SMALL, BUT PERFECTLY FORMED
We own our beautiful little theatre. Situated in the heart of Beckenham in southeast London, this unusual Victorian building houses one of the smallest proscenium-arch auditoria in the country – with just 47 seats – and the unique charm of the venue delights all who enter.
HOW TO FIND US
Beckenham Theatre Centre
46 Bromley Road
The theatre has its own small car park and parking spaces can also be found in the side streets surrounding the theatre and nearby St George’s car park. Please note that the main roads around the theatre are not suitable for parking.
Unfortunately, there is no easy wheelchair access to the auditorium, but special arrangements can easily be made, so please ask the Box Office for more information.
We sell most of our tickets over the phone – the Box Office can be reached at 07500 908331. We also offer a number of tickets for each show on Eventbrite.
Anyone can book for performances at Beckenham Theatre, but only members can take part onstage or backstage. Please support our work by joining, for just £25 per year.
Note to members: If you bring guests with you to performances or social events, please remember to sign in the names and addresses of your guests when you arrive. Trustees reserve the right to refuse admission to anyone.
Beckenham Theatre Centre Ltd is a registered charity, staffed entirely by volunteers, which has been committed to serving, involving and delighting the local community for almost 70 years. Registered number 236434 (England & Wales). We have a board of up to 16 Trustees, elected by quorum of members at an annual general meeting. The current chairman is Emma Berryman.
Beckenham Children’s Theatre, as we were initially known, was founded in 1948 post-war Beckenham by Hanna Schweizer the Borough Children’s Librarian at Beckenham Library along with Barbara Longhurst, who had been the Borough Librarian during the war. Originally conceived as a children’s play reading group, it was not long before the children aspired to perform the plays as well.
Sidney Minchin was soon to join Hanna and two children’s groups were formed. One run by Sidney on Tuesday evenings at Churchfields School in Beckenham, the other run by Hanna on Wednesday evenings at Hawes Down School in West Wickham. The groups covered all aspects of theatre, including acting, stage management, lighting, play reading and costumes. Sidney was supported by his wife, Kath Minchin, who continued to be the main driving force behind the theatre after his premature death.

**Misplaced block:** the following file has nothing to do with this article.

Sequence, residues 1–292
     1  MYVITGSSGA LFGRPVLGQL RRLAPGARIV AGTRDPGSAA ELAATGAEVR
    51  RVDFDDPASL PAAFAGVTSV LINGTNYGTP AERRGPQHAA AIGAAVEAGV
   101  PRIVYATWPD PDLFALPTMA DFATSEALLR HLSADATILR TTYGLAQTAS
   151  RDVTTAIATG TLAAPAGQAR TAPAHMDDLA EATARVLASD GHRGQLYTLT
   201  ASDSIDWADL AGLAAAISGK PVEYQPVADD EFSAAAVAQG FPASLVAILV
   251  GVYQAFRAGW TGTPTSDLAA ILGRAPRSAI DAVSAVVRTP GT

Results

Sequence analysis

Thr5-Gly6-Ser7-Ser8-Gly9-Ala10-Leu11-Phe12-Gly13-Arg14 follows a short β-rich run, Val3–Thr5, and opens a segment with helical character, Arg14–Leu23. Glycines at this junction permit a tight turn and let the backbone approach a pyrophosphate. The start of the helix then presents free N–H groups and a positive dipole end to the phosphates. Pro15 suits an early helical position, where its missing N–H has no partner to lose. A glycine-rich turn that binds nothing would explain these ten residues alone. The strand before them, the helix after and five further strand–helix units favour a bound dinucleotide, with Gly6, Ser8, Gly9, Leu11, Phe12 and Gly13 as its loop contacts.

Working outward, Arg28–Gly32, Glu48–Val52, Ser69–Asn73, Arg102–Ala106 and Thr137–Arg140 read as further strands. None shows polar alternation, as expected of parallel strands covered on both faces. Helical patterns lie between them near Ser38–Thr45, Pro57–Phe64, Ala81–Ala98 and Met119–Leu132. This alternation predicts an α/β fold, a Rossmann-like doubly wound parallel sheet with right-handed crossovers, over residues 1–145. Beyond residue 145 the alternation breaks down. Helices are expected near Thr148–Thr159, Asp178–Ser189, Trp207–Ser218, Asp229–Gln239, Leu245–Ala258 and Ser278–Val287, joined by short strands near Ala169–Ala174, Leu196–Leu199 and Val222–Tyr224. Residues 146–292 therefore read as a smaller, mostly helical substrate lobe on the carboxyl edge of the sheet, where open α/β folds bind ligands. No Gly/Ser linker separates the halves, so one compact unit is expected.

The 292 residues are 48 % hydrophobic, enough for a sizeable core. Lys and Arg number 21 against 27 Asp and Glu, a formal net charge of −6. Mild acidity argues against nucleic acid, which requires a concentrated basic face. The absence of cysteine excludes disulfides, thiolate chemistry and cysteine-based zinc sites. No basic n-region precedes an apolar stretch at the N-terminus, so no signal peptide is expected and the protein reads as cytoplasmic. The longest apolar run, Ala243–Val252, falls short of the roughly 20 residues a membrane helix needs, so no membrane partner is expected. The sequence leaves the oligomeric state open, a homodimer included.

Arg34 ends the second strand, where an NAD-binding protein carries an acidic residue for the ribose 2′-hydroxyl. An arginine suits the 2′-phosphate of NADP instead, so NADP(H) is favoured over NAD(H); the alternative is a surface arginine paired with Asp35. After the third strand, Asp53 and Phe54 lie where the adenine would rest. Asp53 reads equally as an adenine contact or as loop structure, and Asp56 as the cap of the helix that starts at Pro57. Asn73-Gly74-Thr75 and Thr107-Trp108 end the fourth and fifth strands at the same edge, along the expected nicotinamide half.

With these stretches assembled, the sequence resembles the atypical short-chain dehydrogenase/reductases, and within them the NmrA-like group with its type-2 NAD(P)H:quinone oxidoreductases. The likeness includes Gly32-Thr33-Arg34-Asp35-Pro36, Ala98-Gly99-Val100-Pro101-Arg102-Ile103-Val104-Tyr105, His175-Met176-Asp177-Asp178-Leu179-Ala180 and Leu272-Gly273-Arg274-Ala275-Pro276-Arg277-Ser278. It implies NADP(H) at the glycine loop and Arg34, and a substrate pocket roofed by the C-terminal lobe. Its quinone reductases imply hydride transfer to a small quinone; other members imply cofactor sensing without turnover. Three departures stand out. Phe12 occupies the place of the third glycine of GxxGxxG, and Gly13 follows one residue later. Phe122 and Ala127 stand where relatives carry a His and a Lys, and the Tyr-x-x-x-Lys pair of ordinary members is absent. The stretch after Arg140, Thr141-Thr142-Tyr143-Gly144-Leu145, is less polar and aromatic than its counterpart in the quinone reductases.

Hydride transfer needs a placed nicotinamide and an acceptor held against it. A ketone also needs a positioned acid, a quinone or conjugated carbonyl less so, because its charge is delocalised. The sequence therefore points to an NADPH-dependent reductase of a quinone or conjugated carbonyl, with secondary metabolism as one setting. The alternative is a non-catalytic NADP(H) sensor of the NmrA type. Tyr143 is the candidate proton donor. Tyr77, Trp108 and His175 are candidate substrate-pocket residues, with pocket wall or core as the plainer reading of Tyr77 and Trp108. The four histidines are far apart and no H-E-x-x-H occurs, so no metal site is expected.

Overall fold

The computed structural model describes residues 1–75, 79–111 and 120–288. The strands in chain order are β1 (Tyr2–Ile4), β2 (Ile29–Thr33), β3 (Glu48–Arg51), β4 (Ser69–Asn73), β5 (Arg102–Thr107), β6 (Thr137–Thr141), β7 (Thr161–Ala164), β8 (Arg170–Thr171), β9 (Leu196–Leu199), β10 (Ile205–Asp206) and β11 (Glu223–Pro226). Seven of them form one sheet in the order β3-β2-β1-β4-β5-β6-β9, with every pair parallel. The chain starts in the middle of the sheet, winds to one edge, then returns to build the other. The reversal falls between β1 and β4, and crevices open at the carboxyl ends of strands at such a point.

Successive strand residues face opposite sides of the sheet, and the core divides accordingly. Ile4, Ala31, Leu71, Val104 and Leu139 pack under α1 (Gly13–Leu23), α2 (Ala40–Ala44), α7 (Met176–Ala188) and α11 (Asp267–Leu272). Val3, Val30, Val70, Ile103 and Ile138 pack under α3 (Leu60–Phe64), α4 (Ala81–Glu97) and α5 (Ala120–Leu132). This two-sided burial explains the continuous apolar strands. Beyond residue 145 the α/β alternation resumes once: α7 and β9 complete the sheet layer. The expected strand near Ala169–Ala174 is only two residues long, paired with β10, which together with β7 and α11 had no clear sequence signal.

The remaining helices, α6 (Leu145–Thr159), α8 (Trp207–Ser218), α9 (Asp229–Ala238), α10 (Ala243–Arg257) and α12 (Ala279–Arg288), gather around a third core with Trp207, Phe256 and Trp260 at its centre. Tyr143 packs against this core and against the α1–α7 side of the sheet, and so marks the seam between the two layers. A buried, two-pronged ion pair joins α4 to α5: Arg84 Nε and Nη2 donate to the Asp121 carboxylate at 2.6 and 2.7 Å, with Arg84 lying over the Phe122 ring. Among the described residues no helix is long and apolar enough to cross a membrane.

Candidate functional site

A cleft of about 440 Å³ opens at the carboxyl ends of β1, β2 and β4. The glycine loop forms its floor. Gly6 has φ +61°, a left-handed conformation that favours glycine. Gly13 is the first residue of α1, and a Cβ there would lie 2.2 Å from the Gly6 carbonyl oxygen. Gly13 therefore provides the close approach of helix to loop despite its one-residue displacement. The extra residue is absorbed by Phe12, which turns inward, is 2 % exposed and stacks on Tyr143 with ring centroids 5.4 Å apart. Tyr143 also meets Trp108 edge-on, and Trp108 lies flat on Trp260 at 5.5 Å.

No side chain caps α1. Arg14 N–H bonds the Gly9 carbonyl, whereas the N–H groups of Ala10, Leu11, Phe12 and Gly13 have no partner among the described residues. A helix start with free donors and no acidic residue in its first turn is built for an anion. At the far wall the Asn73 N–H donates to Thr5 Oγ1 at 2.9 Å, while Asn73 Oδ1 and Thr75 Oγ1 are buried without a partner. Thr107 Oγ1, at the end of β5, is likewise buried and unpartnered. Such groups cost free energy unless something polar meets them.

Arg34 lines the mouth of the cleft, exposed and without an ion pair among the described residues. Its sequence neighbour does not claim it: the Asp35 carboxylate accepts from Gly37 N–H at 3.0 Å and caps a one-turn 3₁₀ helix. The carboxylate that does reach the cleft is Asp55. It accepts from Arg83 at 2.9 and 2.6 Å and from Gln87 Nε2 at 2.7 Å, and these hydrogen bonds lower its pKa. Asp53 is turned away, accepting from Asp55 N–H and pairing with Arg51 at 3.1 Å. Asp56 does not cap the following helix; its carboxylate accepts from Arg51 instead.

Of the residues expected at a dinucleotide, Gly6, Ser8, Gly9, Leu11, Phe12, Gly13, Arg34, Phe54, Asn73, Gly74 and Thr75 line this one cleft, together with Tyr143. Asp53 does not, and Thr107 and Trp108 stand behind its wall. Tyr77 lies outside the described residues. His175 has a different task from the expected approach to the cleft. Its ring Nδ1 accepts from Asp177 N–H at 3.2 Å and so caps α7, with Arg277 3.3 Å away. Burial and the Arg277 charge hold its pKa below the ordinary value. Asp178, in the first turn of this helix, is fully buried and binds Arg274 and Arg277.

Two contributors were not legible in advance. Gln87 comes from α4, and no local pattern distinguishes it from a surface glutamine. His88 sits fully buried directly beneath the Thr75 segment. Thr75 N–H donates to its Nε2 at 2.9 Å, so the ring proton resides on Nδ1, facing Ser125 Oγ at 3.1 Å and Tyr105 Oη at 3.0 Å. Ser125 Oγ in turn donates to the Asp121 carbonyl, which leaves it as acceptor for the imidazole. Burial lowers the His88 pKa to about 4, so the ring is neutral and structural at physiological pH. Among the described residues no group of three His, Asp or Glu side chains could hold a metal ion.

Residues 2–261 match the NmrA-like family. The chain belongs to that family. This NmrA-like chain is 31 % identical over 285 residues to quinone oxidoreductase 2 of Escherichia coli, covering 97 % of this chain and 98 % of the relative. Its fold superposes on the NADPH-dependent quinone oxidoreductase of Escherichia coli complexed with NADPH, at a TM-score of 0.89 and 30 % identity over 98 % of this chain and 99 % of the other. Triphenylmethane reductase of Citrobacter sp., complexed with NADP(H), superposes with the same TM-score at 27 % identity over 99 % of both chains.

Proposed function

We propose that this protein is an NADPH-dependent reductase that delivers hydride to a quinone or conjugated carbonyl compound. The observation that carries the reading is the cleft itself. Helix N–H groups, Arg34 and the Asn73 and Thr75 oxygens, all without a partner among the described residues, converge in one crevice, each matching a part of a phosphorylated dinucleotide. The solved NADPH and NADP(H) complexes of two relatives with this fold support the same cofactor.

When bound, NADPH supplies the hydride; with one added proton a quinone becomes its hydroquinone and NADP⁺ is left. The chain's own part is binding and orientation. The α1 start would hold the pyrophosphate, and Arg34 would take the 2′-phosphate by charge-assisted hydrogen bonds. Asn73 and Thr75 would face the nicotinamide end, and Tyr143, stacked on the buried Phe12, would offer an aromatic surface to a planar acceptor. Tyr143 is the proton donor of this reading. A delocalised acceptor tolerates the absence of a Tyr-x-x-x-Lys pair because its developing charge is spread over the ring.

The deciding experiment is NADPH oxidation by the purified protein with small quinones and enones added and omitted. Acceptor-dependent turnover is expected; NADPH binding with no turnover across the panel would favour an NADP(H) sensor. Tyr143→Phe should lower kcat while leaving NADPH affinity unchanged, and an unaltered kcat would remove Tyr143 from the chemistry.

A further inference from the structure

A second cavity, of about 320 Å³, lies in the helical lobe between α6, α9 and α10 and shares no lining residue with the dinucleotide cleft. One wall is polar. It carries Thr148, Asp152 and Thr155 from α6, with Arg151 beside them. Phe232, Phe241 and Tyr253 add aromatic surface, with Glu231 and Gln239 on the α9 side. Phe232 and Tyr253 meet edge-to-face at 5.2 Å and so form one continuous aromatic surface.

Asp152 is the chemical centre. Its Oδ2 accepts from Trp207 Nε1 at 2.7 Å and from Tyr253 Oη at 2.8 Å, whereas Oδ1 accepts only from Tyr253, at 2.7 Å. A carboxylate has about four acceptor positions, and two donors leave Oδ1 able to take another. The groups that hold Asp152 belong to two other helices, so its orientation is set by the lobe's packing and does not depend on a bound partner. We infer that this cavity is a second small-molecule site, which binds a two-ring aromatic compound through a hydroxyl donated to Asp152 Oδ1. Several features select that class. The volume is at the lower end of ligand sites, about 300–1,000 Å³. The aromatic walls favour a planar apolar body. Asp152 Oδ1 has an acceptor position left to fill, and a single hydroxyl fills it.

By 16 November 1948, after just six weeks rehearsal, the first ever Beckenham Children’s Theatre production was ready to open…
There followed a fairly nomadic existence, performing at various halls around the Beckenham area. Then in 1954/55 things changed. The Prentice Players was formed to accommodate the now older members in the 16-25 bracket. Subscription fees were 10/6 for those not working, 15/- for the employed and £1 1s for the over 21s. And a new home was found! A deal was struck with the owners of the Harvey Hall, Fairfield Road that the hall could be converted into a theatre and used by the group two evenings a week and for eight productions a year.
The first of these productions was Through The Looking Glass, written and composed by members. Sadly Sid Minchin died during the run. At his request none of the company knew he was ill. Sadly the period at the Harvey Hall was all too brief, and in June 1958 the final production, Six Characters In Search Of An Author, saw the end of an era. The stage was dismantled and the search was on once more. But this time there was an added challenge. Raising the estimated £5,000 that it would take to actually buy a new home.
By the Summer of 1959, 46 Bromley Road had been found and considered a perfect venue. On 21st August 1959 Beckenham Theatre Centre Limited was incorporated with a view to buying the property. Fundraising had been ongoing for some time assisted by a variety of celebrities, most notably Sir Richard Attenborough.
A Few Facts
The purchase price of 46 Bromley Road was £3,500
The cost of conversion estimated at £500
£1,200 was raised through fetes and donations
£1,800 was taken as a mortgage on the property (paid off in 1968)
A £1,000 overdraft was guaranteed by Carry On film producer Sidney Box
The first few years of the Sixties saw 46 Bromley Road become a hive of activity as this 1883 family home was transformed into Britain’s smallest complete theatre. Most of the work was undertaken by members, some of whom, thankfullly, had started careers as architects and engineers – the rest relied on sheer enthusiasm.
One hundred tip-up seats were bought for 9d each at an auction of the Davis Theatre, Croydon effects. There were some planning battles along the way, but on Saturday 24th September 1960 Beckenham Theatre Centre was officially opened by comedian Dick Emery. Since then the theatre has gone from strength to strength thanks to the dedication and relentless enthusiasm of its members.